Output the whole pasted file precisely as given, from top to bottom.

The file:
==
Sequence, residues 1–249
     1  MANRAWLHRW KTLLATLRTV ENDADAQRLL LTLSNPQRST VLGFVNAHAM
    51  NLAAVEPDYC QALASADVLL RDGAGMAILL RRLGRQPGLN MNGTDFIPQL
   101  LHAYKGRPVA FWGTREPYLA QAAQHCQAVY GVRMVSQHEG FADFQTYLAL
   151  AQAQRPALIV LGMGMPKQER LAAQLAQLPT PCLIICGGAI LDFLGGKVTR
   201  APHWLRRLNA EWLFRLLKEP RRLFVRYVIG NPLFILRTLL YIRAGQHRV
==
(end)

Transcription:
Sequence, residues 1–249
     1  MANRAWLHRW KTLLATLRTV ENDADAQRLL LTLSNPQRST VLGFVNAHAM
    51  NLAAVEPDYC QALASADVLL RDGAGMAILL RRLGRQPGLN MNGTDFIPQL
   101  LHAYKGRPVA FWGTREPYLA QAAQHCQAVY GVRMVSQHEG FADFQTYLAL
   151  AQAQRPALIV LGMGMPKQER LAAQLAQLPT PCLIICGGAI LDFLGGKVTR
   201  APHWLRRLNA EWLFRLLKEP RRLFVRYVIG NPLFILRTLL YIRAGQHRV